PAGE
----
Habitat Suitability for Juvenile Flatfish of the Inner Danish Waters: Section for Ecosystem Based Marine Management

Elliot John Brown*

*Corresponding author for this work

Research output: Book/ReportPh.D. thesis

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Coastal fish play important roles in ecosystem functioning in addition to their disproportionately large contribution to fisheries. By inhabiting coastal areas, fish are exposed to a wide range of human activities over and above their direct exploitation. This thesis illustrates the extent of these indirect anthropogenic impacts by reviewing evidence of human activities effects on exploited, coastal fish species from the northeast Atlantic, where ~92% of those species were impacted in at least one life-history stage. Furthermore, there is evidence of anthropogenic impacts acting on 78% of the juvenile life-history stages as they utilise coastal habitats.
With a clear need to understand the role that coastal habitats play in provisioning juveniles for replenishing exploited fish populations, this thesis continues by quantifying habitat suitability for juvenile flatfish of the inner Danish waters and establishing a method to trace their contributions to fished adult populations.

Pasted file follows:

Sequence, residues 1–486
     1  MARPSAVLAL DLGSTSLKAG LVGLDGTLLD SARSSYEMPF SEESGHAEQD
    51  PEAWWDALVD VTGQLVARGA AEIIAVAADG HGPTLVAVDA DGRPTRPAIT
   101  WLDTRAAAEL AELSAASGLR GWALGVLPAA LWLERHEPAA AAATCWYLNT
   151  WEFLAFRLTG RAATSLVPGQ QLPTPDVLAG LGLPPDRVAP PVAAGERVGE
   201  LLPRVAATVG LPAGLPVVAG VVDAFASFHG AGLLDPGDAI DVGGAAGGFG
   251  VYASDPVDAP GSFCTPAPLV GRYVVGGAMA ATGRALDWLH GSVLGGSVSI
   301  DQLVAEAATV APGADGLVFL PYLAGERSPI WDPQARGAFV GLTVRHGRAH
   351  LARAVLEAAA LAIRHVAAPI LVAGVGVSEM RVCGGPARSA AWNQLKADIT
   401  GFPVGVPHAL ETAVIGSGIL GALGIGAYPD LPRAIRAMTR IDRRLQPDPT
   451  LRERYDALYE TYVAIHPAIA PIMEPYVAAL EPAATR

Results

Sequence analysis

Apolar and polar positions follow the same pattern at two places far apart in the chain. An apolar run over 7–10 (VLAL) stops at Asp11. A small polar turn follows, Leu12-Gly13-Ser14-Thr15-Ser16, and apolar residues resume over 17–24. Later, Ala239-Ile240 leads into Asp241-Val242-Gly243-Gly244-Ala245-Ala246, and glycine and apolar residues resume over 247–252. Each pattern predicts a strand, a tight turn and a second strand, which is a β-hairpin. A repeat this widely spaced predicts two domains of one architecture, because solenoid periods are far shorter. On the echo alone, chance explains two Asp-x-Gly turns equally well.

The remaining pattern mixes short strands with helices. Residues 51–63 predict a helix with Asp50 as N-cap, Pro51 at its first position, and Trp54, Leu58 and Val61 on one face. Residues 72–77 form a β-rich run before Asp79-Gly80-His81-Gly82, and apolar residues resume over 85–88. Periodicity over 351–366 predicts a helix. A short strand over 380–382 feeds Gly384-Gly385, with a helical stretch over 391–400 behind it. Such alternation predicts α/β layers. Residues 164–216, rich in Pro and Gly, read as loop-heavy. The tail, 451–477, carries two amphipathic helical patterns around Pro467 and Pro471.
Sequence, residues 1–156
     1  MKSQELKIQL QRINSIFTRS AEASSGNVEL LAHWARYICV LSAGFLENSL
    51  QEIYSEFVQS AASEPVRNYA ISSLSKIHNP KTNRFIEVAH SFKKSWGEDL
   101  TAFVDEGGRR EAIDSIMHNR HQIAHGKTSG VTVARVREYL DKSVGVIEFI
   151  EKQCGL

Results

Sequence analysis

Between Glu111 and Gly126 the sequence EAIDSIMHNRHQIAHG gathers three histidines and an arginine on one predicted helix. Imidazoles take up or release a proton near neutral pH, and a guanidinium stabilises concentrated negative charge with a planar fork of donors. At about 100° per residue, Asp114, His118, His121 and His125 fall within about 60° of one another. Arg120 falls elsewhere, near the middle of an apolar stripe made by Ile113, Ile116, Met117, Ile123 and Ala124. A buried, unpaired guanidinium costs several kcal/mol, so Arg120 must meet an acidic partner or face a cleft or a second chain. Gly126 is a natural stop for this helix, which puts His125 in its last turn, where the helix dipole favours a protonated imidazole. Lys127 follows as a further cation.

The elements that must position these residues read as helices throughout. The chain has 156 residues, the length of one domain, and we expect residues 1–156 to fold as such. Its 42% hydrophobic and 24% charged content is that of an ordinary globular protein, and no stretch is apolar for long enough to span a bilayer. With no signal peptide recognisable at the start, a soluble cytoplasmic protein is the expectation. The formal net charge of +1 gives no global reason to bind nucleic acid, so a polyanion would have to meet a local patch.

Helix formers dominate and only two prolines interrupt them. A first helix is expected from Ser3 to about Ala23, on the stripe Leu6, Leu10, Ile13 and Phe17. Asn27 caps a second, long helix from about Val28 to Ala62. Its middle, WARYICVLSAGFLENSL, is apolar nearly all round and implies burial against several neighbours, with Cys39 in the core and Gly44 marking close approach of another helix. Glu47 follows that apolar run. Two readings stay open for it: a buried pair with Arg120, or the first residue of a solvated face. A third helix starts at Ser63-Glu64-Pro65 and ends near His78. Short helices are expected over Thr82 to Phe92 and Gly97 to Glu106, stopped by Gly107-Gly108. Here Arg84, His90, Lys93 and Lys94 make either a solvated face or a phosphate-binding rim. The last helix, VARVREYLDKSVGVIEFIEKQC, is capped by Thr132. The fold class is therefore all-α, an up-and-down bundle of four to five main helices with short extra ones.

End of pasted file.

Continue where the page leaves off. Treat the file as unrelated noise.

Two approaches are used to quantify habitat suitability, one obtains fish data and environmental data from a targeted survey of near-shore habitats, the other utilises existing surveys of juvenile fish and pairs it with modelled environmental data. Juvenile habitat suitability models are presented describing juvenile density and growth responses to changes in the physical environment. The results of both approaches are critically assessed and used to make interpolative maps of predicted habitat suitability across the inner Danish waters. The species-specific trends described in these models and predictions are discussed with reference to previous empirical findings from across their ranges. These two studies propose potential mechanisms creating the observed patterns of density and growth and discuss them in the context of current theories of density dependence and population connectivity.
The fourth work included in this thesis, documents the efficacy of otolith chemistry to differentiate between contiguous coastal juvenile habitats of the inner Danish waters, to enable future work on the connectivity between juvenile and adult habitats in this area as well as the neighbouring North and Baltic Seas.
Together, the four key studies that comprise the majority of this thesis provide both information for preliminary advice on the importance of juvenile habitats of the inner Danish waters, and a foundation for future work to further develop juvenile habitat models and describe the life-history connectivity of important fisheries species.
Original languageEnglish
Place of PublicationKgl. Lyngby
PublisherTechnical University of Denmark
Number of pages87
Publication statusPublished - 2019


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